Bacteriophage T7 infects Escherichia coli and evades the host restriction/modification system. The Ocr protein of T7 was shown to exist as a dimer mimicking DNA and to bind to host restriction enzymes, thus preventing the degradation of the viral genome by the host. Here we report that Ocr can also inhibit host transcription by directly binding to bacterial RNA polymerase (RNAP) and competing with the recruitment of RNAP by sigma factors. Using cryo electron microscopy, we determined the structures of Ocr bound to RNAP. The structures show that an Ocr dimer binds to RNAP in the cleft, where key regions of sigma bind and where DNA resides during transcription synthesis, thus providing a structural basis for the transcription inhibition. Our results reveal the versatility of Ocr in interfering with host systems and suggest possible strategies that could be exploited in adopting DNA mimicry as a basis for forming novel antibiotics.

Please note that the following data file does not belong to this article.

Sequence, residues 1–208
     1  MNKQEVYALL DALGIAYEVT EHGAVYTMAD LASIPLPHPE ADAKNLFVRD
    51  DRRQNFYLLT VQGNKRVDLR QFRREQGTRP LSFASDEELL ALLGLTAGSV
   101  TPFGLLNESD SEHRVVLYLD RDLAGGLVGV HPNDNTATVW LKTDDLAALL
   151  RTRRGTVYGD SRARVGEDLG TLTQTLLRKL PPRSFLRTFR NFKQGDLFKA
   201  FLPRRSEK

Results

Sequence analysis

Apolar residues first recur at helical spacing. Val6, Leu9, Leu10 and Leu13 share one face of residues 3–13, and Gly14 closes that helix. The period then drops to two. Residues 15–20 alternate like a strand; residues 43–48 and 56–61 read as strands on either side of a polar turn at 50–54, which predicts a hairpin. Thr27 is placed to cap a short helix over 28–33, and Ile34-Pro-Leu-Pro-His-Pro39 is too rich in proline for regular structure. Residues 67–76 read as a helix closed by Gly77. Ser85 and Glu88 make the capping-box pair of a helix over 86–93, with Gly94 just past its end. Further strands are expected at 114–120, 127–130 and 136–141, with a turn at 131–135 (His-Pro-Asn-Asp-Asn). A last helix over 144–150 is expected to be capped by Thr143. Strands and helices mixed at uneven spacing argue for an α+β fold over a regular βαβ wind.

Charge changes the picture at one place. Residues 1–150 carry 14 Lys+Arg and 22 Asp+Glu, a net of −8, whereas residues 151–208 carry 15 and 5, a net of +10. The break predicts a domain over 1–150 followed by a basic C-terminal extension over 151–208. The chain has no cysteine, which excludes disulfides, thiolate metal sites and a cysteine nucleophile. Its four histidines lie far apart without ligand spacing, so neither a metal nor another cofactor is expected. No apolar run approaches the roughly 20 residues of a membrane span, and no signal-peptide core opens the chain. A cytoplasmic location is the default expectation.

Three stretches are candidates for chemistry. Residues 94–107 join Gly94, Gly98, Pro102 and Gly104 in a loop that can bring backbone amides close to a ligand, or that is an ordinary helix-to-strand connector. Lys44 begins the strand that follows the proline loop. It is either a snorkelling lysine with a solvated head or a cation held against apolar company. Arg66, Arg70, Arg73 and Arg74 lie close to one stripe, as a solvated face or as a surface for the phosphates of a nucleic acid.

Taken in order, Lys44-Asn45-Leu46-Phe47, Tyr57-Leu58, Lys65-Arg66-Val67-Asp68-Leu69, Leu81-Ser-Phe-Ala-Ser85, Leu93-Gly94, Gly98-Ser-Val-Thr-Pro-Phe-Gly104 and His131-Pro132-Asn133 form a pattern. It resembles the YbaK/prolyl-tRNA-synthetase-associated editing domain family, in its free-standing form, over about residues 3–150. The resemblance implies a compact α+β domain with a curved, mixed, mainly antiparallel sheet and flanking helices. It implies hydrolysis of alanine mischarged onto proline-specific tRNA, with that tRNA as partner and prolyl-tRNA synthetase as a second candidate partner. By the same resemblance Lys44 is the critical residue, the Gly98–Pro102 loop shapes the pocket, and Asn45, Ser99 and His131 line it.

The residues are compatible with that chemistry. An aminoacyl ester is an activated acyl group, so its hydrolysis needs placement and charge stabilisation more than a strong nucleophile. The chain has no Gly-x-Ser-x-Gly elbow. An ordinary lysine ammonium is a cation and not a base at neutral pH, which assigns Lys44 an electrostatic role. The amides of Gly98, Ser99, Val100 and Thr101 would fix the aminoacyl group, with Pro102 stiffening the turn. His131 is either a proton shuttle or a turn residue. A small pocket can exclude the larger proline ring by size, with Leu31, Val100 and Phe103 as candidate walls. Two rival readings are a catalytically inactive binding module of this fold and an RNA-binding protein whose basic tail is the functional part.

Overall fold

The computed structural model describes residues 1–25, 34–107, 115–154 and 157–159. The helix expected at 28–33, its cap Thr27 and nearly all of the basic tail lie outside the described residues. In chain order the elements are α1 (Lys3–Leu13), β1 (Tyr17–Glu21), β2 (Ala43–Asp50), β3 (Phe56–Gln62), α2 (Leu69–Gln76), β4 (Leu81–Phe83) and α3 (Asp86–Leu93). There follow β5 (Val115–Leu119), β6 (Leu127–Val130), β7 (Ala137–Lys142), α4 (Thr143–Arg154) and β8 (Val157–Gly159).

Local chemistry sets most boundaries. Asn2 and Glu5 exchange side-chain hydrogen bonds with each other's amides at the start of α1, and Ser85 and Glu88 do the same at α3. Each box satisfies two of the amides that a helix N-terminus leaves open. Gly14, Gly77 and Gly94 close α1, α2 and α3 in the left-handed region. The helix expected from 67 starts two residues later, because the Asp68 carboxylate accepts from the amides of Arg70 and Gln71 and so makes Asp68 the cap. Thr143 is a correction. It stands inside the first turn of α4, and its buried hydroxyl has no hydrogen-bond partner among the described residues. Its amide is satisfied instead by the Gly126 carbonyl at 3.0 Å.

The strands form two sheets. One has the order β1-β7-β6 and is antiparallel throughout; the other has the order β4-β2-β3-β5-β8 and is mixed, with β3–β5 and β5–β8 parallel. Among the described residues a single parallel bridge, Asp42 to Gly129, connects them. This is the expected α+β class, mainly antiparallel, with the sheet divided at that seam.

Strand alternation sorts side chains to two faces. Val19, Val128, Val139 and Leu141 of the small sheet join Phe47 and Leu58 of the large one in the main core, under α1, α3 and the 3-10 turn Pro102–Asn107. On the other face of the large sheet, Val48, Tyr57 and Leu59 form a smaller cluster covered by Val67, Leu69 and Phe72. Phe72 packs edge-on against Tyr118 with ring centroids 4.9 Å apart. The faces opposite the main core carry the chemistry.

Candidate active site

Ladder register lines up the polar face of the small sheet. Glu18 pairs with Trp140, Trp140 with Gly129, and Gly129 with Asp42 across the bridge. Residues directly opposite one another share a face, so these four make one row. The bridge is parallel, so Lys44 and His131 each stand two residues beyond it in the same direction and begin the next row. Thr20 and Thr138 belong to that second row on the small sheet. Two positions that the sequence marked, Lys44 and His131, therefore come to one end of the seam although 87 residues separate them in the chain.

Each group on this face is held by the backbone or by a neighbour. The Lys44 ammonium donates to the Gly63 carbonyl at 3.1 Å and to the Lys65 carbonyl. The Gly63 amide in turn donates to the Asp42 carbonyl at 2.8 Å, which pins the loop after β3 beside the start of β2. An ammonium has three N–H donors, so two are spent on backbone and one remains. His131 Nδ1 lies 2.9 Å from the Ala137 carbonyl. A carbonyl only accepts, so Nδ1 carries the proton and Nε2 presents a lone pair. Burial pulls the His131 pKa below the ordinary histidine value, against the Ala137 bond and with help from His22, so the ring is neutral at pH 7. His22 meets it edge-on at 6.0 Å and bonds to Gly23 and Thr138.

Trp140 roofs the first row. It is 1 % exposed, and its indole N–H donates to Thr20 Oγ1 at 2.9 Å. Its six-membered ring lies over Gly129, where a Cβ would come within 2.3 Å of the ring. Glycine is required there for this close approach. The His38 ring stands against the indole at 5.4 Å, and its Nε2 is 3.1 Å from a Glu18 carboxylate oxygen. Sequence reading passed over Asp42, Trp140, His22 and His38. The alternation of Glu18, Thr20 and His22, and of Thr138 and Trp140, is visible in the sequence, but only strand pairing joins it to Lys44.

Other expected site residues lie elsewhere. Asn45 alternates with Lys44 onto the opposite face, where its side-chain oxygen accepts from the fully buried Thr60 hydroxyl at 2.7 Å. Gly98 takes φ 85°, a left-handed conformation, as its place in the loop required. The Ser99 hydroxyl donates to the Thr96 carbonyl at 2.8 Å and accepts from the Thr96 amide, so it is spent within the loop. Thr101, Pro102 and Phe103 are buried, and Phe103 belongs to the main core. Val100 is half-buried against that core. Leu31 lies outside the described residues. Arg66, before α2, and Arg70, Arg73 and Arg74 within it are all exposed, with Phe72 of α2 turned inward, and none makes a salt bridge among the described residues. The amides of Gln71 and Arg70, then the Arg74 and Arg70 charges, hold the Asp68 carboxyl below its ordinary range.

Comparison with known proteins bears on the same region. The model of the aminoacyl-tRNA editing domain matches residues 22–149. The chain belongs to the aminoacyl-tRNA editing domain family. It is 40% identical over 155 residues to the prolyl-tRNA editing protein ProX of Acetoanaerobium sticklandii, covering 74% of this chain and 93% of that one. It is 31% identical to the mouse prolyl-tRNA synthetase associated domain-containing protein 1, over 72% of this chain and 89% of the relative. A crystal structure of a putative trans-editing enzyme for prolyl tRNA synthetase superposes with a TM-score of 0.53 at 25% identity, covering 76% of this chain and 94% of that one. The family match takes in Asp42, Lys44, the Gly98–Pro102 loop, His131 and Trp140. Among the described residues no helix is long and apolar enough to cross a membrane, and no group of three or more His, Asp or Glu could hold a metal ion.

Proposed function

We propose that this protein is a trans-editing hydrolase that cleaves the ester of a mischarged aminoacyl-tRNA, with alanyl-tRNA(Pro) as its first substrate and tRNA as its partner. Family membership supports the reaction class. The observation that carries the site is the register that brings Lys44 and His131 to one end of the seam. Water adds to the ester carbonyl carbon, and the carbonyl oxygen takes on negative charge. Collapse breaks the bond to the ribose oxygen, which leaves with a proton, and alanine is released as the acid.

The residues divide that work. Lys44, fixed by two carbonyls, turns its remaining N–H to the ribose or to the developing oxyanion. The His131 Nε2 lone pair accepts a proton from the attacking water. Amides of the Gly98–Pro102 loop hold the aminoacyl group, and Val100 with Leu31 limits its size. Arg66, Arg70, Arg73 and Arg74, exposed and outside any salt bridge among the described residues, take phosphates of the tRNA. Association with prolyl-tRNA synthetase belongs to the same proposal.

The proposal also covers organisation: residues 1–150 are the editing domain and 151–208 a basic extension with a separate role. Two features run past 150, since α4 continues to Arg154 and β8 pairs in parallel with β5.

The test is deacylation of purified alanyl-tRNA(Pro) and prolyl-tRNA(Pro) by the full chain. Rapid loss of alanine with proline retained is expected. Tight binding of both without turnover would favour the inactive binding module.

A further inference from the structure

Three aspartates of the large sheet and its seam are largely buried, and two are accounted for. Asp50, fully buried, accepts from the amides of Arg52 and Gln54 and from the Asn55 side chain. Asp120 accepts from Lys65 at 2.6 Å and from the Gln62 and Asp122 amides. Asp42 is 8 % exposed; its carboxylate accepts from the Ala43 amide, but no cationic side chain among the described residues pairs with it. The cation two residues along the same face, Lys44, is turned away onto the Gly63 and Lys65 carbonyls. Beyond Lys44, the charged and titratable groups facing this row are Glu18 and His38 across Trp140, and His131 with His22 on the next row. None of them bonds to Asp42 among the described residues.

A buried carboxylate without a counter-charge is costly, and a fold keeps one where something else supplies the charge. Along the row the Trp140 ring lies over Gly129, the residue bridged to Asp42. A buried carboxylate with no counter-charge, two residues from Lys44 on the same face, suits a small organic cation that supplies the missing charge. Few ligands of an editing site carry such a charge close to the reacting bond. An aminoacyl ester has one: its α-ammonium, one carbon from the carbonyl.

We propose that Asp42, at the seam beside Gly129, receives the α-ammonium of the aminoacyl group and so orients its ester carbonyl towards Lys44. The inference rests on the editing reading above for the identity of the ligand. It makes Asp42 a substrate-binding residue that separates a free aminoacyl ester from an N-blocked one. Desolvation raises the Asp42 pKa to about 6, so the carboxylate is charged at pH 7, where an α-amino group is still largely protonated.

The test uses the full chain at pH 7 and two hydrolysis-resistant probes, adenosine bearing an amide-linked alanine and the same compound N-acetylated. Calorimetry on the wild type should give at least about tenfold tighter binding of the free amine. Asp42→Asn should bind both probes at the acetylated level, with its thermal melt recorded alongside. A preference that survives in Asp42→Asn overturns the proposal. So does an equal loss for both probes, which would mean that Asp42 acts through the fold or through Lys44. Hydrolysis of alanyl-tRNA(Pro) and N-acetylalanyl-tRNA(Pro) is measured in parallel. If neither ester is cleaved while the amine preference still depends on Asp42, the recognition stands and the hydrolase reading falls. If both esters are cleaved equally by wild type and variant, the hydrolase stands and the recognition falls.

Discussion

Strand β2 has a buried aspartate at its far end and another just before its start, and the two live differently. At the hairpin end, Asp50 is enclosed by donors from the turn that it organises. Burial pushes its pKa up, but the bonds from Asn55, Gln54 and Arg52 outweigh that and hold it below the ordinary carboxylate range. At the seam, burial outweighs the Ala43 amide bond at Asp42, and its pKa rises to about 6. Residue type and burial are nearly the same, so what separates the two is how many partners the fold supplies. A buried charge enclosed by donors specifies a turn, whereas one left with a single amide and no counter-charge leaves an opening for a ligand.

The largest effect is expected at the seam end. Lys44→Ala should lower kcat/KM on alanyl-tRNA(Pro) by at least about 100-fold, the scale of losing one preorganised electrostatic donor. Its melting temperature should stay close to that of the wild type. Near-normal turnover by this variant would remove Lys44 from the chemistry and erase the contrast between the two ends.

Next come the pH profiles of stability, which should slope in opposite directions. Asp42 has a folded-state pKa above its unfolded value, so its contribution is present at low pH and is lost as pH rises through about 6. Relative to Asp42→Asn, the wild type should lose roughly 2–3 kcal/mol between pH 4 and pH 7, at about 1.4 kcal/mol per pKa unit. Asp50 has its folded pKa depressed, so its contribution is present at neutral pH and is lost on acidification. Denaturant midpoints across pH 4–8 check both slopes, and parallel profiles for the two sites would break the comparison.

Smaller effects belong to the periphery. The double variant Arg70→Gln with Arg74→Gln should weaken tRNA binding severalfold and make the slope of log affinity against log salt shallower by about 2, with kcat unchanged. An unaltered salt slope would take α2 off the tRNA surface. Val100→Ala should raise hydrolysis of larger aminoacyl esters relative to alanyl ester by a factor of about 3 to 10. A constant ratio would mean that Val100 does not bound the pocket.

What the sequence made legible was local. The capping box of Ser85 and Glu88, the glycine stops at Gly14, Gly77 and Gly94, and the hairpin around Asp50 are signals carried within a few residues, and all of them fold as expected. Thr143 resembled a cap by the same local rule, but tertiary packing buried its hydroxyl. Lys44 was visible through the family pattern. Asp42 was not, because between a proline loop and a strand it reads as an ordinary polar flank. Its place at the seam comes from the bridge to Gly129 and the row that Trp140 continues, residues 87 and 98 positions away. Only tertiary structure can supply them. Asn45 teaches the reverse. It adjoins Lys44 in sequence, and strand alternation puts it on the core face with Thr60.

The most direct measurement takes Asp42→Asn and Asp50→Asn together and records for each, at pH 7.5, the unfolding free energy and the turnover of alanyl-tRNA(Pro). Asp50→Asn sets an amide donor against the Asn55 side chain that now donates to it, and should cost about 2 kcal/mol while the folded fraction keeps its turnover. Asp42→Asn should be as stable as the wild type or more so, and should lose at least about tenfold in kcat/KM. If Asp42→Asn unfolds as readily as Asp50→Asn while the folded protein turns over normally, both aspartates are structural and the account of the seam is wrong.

- Fuzhou Ye
The funders had no role in study design, data collection and interpretation, or the decision to submit the work for publication.
- Seth Darst, The Rockefeller University, United States
- Received: September 23, 2019
- Accepted: February 8, 2020
- Accepted Manuscript published: February 10, 2020 (version 1)
© 2020, Ye et al.
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